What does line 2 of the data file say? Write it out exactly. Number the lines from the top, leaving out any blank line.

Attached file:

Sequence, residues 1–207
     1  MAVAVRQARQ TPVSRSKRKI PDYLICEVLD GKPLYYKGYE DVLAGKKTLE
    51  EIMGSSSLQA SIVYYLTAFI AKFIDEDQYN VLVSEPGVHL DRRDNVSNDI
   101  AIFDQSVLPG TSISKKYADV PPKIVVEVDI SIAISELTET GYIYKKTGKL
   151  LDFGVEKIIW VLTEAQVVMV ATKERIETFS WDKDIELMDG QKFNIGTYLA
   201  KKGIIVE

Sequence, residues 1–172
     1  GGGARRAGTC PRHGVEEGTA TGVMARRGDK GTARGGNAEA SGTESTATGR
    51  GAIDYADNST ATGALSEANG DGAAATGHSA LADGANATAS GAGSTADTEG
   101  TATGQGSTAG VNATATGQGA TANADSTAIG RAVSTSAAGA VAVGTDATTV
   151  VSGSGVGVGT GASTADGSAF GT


     1  MAVAVRQARQ TPVSRSKRKI PDYLICEVLD GKPLYYKGYE DVLAGKKTLE